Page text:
Tent cities, street chaos and public disorder have spread to every corner of California under his watch.
If California voters recall Gov. Gavin Newsom on Sept. 14, homelessness will be a big part of the reason. According to statistics from the U.S. Department of Housing and Urban Development, homelessness in California rose 40% over the past five years. Though only 12% of the U.S. population lives in California, the Golden State hosts half of the nation’s street population. Certain neighborhoods, such as Los Angeles’s Skid Row, have been notorious for decades. Mr. Newsom’s problem is that under his watch, homelessness has spread to every corner of the state.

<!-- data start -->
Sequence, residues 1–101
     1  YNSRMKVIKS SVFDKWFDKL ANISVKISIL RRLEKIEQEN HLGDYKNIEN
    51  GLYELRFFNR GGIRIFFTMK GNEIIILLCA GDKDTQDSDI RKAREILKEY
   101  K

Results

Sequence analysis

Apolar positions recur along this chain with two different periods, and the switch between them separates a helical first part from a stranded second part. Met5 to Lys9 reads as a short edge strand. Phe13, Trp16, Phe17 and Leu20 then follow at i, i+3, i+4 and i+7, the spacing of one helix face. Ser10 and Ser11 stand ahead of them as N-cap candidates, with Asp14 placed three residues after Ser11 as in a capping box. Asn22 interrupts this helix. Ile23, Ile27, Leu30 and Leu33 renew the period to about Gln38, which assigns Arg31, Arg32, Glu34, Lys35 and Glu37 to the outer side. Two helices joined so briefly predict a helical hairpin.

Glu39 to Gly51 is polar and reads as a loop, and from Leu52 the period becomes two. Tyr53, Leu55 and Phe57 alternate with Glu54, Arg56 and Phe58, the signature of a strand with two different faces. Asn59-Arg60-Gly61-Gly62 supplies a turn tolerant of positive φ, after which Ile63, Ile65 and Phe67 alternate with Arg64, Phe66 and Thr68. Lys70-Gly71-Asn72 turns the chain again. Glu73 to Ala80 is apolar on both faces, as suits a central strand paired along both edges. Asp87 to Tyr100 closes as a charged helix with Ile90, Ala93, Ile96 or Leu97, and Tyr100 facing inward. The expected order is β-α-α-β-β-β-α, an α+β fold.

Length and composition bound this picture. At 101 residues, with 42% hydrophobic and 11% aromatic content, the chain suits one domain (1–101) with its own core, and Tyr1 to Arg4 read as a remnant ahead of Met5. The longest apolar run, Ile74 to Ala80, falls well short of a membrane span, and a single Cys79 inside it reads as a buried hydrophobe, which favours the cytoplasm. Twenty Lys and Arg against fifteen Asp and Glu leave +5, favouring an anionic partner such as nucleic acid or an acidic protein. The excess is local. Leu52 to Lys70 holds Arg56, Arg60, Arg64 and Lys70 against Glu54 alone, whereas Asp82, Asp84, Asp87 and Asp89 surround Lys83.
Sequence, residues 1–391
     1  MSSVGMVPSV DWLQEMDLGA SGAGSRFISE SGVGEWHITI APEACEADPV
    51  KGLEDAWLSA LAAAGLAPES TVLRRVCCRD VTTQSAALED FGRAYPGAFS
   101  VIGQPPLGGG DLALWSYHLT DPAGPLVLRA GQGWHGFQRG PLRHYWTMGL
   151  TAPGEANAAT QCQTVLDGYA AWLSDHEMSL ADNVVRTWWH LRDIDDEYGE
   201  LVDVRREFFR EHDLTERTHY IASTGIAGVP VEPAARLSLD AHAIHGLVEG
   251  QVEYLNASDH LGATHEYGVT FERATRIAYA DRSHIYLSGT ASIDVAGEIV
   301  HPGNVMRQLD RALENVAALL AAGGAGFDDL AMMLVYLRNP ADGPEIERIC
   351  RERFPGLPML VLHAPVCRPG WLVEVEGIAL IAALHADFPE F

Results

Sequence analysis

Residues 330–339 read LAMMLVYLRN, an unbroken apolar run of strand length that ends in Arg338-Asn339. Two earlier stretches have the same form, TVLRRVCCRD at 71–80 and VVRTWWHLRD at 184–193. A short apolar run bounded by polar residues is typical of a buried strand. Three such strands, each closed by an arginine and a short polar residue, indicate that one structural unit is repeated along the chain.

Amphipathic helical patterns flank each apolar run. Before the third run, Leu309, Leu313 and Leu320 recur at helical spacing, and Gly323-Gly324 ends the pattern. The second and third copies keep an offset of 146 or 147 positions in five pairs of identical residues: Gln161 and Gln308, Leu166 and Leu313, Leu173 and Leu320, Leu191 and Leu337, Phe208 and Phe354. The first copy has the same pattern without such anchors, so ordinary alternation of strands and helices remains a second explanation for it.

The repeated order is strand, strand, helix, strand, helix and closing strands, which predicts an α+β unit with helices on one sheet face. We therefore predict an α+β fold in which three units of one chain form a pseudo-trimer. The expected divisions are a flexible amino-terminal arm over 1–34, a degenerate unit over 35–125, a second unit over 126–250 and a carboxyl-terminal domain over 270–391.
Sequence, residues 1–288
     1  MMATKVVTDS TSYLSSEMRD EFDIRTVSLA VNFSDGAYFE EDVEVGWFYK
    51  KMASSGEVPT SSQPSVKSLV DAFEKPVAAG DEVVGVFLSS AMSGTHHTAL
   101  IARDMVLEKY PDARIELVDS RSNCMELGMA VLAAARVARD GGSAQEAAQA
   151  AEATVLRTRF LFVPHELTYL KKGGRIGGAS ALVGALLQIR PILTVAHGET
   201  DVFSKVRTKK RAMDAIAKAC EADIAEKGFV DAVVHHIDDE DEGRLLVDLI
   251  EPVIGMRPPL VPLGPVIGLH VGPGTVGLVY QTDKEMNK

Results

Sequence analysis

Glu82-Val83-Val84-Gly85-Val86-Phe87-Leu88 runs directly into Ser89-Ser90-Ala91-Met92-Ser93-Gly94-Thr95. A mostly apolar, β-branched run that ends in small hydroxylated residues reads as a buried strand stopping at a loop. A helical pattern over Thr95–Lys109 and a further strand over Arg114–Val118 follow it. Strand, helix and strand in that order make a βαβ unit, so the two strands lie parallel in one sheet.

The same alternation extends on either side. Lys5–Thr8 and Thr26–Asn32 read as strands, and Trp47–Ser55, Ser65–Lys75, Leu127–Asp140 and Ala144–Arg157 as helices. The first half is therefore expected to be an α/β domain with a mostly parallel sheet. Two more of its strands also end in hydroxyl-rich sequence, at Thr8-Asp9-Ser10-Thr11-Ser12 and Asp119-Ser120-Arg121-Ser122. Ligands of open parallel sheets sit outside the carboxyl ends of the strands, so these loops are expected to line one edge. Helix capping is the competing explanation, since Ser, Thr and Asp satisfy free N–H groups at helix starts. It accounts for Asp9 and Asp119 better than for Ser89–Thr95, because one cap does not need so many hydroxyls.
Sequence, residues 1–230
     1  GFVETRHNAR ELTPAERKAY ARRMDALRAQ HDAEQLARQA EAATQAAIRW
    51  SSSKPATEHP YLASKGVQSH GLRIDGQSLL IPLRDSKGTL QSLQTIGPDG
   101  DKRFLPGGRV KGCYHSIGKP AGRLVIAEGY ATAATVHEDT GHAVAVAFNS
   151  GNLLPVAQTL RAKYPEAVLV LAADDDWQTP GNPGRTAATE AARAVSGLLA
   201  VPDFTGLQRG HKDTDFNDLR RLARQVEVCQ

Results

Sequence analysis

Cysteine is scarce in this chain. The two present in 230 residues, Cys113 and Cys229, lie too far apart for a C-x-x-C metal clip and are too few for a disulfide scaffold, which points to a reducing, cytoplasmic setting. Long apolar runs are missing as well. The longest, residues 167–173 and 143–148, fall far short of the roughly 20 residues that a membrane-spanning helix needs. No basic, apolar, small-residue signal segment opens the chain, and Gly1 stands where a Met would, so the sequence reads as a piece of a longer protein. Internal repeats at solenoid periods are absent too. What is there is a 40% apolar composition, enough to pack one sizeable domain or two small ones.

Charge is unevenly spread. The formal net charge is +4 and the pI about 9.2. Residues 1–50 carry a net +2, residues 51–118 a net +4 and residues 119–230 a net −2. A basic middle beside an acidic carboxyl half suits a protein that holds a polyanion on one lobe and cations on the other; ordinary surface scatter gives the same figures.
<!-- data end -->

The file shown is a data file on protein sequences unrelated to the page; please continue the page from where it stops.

Most Californians disapprove of the governor’s handling of the issue. More than half of respondents to a July Inside California Politics/Emerson College poll rated his response to the problem as poor. In some parts of the state, homelessness tops even Covid-19 in surveys of public concern.
To many recall voters, the word “homelessness” connotes less a lack of access to housing than a state spiraling out of control. Homelessness means hepatitis outbreaks and deadly encampment fires. It means parks, beaches and sidewalks strewn with needles and human waste. It means urban chaos.
Stephen Eide is a senior fellow at the Manhattan Institute and contributing editor of City Journal.
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